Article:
AVIGDOR LIEBERMAN, ISRAELI DEFENSE MINISTER (through translation): This is a harsh verdict. The first thing I'd ask from all of us including those who like this verdict or those like me who like it much less, we are all committed to respect the court ruling. We are committed to keep restraint.


HOLMES: He faces up to 20 years behind bars. His formal sentencing takes place in the next few days.

Every year, hundreds of Pakistani men and women fall victim to so- called honor killings, which are also called "honor murders," the murder of somebody that perpetrators justify because of a supposedly grave offense. Now a new law aims to outlaw this ancient custom.

CNN's Alexandra Field joins us from Hong Kong and has been looking into it.

You found some developments, Alexandra?

ALEXANDRA FIELD, CNN CORRESPONDENT: Look, Michael, the fact that this law passed in the first place has to be considered a success because previous attempts to end this tradition of honor killings have failed. So, that part is being celebrated. There is hope that the law could bring a measure of justice to the families who seek it.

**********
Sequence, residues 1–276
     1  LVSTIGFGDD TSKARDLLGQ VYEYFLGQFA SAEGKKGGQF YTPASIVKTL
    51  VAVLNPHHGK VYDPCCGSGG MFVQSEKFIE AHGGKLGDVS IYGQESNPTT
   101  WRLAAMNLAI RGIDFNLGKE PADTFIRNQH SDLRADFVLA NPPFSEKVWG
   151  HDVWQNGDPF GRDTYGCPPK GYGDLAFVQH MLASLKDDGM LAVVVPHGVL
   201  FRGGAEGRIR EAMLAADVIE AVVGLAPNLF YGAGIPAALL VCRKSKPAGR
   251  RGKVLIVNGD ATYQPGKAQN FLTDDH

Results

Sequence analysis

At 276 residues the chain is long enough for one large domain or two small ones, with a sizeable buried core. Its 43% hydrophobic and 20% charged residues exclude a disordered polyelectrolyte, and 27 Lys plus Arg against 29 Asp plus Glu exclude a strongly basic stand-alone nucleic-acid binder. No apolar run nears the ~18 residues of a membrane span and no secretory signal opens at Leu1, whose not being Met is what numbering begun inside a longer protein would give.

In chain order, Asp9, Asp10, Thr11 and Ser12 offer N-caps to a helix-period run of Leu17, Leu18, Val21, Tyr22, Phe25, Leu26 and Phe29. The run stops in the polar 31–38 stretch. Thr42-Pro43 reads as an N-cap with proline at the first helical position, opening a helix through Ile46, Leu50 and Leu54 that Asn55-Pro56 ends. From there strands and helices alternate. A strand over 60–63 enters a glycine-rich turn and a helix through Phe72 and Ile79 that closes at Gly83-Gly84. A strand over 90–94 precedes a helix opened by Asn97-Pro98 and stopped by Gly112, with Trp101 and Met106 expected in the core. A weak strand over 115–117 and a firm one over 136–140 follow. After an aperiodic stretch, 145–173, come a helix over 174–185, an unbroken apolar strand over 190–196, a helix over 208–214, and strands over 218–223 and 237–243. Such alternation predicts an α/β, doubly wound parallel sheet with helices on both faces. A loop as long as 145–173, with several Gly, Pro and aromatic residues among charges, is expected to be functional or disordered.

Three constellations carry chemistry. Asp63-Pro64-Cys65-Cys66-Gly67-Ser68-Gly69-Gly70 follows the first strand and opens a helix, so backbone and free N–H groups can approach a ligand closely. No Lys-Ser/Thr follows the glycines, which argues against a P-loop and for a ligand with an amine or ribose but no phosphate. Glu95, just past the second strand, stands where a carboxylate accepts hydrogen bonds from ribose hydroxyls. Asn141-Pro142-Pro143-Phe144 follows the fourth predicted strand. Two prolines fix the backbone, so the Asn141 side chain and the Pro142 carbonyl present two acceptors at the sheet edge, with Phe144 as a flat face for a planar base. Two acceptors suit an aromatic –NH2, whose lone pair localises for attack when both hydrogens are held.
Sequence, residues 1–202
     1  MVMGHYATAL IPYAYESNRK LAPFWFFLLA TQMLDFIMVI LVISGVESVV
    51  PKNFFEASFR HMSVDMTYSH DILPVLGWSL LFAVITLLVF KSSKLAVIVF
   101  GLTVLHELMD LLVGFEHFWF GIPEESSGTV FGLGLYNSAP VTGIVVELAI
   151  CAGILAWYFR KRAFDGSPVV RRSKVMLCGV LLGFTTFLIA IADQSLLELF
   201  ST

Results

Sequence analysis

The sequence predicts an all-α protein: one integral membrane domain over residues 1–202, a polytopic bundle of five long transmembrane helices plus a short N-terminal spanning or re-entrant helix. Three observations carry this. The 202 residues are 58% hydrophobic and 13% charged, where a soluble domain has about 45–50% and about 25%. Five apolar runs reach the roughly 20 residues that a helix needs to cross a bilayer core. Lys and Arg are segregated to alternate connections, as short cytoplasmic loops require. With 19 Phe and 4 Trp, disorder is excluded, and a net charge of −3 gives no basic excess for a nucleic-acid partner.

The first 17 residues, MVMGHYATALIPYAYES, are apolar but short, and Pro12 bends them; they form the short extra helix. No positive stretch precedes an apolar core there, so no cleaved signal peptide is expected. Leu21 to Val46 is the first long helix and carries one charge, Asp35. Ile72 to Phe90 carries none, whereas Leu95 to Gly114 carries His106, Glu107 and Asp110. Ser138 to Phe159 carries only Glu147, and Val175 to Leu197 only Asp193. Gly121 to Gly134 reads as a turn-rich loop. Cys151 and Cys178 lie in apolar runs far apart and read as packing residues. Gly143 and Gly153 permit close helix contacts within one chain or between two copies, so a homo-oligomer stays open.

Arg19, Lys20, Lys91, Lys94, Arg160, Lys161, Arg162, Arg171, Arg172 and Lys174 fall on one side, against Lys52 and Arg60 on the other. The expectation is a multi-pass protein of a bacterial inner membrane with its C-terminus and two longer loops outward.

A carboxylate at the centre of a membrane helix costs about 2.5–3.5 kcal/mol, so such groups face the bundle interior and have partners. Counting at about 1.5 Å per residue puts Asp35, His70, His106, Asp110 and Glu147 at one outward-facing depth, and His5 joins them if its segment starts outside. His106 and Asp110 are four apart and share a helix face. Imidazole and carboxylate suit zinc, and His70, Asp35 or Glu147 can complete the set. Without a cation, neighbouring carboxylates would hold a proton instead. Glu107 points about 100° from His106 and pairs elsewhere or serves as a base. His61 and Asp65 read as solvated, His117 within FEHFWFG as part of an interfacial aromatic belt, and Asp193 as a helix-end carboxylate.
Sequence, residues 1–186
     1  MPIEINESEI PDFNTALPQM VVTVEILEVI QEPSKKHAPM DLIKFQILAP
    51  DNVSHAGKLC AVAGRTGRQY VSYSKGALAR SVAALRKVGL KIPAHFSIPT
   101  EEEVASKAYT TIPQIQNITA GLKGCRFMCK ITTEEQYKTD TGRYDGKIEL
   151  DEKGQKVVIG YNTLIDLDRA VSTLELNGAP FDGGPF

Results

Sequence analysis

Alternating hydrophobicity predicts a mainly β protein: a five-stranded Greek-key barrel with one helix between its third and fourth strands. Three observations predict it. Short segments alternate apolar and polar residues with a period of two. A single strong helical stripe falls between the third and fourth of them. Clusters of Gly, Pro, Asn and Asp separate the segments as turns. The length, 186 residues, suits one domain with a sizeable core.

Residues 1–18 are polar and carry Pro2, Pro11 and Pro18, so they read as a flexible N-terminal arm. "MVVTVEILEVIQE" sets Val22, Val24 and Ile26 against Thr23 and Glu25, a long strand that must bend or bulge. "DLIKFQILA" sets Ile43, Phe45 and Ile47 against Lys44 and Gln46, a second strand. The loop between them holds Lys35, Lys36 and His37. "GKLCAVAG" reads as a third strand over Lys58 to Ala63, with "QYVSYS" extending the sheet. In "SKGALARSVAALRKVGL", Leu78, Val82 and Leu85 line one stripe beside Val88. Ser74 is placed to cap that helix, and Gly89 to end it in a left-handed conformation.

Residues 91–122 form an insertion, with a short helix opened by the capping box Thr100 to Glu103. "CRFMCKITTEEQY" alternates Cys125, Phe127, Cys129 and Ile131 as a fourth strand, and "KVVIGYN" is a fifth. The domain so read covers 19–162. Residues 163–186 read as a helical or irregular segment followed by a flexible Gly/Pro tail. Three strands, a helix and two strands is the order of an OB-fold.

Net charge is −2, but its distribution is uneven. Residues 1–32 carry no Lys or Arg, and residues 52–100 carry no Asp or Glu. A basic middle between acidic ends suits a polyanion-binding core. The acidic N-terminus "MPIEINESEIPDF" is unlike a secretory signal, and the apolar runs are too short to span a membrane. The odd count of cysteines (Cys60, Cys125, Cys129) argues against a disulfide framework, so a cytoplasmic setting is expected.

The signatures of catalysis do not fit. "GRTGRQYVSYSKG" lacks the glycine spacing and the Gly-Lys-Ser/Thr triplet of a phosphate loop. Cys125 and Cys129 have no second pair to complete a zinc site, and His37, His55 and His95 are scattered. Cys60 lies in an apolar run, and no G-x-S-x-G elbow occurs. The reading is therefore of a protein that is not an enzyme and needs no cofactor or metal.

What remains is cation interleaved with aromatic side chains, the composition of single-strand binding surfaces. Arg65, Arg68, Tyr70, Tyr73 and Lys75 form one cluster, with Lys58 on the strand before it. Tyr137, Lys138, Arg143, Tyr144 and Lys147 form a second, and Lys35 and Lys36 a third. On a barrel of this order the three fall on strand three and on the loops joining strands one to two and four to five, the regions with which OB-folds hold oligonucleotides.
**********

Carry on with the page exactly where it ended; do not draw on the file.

But there are serious questions that are also being raised whether or not legislative reform can actually be as a deterrent to this rampant tradition of killing.


FIELD (voice-over): For years in Pakistan, the law has let some get away with murder.

Asmat said she watched her son die, shot in the head by the family of a woman he was accused of having an affair with. Then, they killed the girl too, victims of a so-called honor killing.

UNIDENTIFIED FEMALE (through translation): It was cruelty. This was cruelty against my son. What honor? The girl was so young. She was 13 years old.

FIELD: None of the accused went to prison. Court documents show they were legally pardoned by the families of both victims. The girl's own mother and her father, who is one of the accused, and Asmat, too.

UNIDENTIFIED FEMALE (through translation): I have placed a rock on my heart. I have to live for my other son who is alive. I cannot maintain enemies.